Yeah, I’m back to complain some more about Fallout 4. Don’t get me wrong, I loved the game, I’ve spent hundreds of hours playing it and I have all of the DLC and have enjoyed it all, to some degree at least. But their final DLC for the series, Nuka-World, while it was fun to play through, really had a storyline that sucked big time.Now I know that I complained a little bit in my review of Fallout 4 that there isn’t really any way to be “bad” in the game. You’re stuck in the role of the hero pretty much all the way through and there aren’t any particular moral choices to be made. Nuka-World changes that, but not necessarily in a good way. Immediately, you’re forced into the role of a raider, clearing out the whole of the Nuka-World amusement park so that your raiders can run the whole show. I never wanted to be a raider in the first place, raiders are portrayed almost universally as awful, murderous people and I want no part of that. And you quickly find out that the three raider factions in Nuka-World aren’t just bad, they’re despicable. I’ll touch on that again in a moment.
You go through the whole DLC with no real option but to help them and when you get to the end, you’re expected to help them go out into the Commonwealth to destroy all of the settlements you’ve spent hour after hour setting up in the main game.
The only way to “win” is to destroy what you’ve already done. If you go that way, you permanently ostracize these settlements that you’ve spent so much time shepherding along. Yeah, that’s a good option, isn’t it?
This is where I get back to the character of the raider gangs. They are all downright evil. They are all murderous thugs who not only keep human slaves, they engage in Nazi-like medical experiments and gladatorial games. This is Bethesda’s way of saying “you want an evil choice? You can’t get much more evil than this!”
But I don’t want to be evil. So when the quest Open Season came along and said I just had to kill the raider bosses to turn Nuka-World back into a free trading post, I jumped at it. Of course, even though it says you only have to kill the bosses, the reality is that you have to kill every single raider in the park because they all become instantly mad at you, even though they couldn’t possibly know what you’re doing. So you have to kill dozens of raiders, you do free all of the slaves, and you lose most of the reason for playing the DLC.
What do I mean by that? I mean that there are tons of things you can never get in the DLC if you choose not to play murderous thug. For one, you lose Gage as a companion, you have to kill him. You lose all of the raider perks and all of the potential income that you could have had as a raider. And you lose all of the additional gameplay that could have come as a raider. I walked out of Nuka-World with a couple of sets of armor and a couple of caps, feeling like I had just wasted my time.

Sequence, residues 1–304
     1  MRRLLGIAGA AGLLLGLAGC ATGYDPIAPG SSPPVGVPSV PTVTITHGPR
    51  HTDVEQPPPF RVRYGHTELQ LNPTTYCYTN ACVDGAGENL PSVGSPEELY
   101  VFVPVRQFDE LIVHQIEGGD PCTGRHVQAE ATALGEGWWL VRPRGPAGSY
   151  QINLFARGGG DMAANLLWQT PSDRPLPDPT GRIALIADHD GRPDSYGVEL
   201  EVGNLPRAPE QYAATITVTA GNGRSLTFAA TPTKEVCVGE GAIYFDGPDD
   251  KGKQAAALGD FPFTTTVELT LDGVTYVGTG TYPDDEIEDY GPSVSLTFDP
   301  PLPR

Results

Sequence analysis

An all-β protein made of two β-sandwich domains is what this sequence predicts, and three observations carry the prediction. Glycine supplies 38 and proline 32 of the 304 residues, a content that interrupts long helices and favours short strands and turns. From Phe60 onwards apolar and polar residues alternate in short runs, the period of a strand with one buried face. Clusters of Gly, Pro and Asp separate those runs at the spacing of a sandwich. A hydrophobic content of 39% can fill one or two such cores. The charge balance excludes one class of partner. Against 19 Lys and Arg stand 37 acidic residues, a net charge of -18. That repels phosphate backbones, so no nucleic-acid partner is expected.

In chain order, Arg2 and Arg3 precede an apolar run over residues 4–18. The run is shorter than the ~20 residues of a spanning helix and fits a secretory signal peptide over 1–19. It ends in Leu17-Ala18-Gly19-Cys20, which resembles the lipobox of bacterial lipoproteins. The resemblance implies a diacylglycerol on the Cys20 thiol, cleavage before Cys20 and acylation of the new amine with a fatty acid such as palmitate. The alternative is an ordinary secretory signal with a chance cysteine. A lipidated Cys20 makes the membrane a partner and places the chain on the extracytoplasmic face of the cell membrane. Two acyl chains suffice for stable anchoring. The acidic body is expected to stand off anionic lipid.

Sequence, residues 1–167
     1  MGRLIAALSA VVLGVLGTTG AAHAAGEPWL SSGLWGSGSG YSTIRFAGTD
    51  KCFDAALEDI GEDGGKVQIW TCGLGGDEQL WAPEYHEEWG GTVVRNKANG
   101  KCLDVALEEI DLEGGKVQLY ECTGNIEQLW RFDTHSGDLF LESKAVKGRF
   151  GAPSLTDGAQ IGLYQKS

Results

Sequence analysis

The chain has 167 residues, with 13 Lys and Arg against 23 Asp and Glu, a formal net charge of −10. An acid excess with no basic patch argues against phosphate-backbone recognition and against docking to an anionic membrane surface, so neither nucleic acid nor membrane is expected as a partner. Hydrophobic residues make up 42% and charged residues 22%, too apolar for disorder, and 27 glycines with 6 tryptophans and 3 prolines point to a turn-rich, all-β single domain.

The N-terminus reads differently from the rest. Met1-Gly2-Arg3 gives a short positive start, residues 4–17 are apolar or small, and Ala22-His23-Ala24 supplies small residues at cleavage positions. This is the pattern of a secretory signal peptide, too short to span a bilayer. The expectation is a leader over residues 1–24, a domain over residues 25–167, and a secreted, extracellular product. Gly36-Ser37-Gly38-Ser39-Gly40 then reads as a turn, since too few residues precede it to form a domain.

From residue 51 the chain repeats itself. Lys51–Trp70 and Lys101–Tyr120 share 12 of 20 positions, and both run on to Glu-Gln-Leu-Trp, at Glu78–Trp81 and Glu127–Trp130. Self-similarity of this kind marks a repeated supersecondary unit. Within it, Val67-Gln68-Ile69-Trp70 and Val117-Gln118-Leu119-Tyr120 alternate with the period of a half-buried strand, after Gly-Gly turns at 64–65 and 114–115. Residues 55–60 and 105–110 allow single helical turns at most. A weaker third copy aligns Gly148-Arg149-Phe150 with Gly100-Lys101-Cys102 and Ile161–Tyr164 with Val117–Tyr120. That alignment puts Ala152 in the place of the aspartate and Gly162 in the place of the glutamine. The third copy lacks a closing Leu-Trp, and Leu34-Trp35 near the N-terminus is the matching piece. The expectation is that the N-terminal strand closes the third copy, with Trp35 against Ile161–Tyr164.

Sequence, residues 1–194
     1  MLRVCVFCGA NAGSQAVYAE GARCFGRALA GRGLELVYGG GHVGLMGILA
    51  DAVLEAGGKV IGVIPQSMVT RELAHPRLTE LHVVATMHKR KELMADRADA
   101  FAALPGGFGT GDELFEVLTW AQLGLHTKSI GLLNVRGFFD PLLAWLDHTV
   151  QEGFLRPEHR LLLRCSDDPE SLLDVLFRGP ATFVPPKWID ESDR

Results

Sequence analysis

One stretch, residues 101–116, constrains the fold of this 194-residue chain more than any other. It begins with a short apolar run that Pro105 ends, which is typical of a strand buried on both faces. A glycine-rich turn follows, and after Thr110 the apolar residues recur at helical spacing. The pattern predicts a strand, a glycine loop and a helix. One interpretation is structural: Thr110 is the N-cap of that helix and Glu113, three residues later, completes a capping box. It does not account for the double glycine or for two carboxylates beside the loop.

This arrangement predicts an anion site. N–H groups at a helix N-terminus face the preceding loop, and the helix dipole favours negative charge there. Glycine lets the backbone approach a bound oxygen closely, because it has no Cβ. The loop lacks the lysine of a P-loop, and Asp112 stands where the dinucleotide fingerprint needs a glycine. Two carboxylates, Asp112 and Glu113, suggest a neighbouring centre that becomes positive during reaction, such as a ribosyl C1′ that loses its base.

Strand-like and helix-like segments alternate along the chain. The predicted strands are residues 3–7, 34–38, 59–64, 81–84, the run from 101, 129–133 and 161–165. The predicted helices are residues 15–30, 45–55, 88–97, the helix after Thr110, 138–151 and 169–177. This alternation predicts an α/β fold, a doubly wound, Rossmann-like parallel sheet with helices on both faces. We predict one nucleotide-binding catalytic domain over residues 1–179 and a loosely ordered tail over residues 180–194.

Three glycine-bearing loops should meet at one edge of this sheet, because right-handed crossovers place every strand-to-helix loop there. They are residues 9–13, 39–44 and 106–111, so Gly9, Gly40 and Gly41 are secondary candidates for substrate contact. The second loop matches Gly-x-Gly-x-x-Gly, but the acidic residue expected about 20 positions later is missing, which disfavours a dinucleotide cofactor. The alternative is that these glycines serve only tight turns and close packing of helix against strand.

It wasn’t like you had any choices in Nuka-World, you either became a murderous raider or you threw it all away, including your $20 DLC purchase price. You can’t even build a settlement there, which would be cool, but it’s not part of the program. What’s the point of having this massive amusement park if you can’t do anything with it? Sure, there is one Red Rocket outside of the park grounds, but that’s not what anyone really wanted.
The whole roleplaying aspect that has made Fallout such an engaging series is really missing from Fallout 4. You can’t choose to be evil in the main game and you can’t really choose to be good in this DLC. They’re really saying you have to be a good guy, and here’s a DLC where you have to be bad, but those aren’t choices, they’re mandates. That’s why I think so many people were so disappointed by this game. It’s great as a shooter, not so much as an RPG.
If you’re going to have an open-world roleplaying game, you have to allow people to make their own decisions and have those decisions count. I ought to be able to decide if I’m going to be good or evil and suffer the consequences of that decision. There was no real karma system in Fallout 4 but there was good and evil. You were just railroaded into one side or the other if you wanted to take advantage of the content and that, I think, was just too much.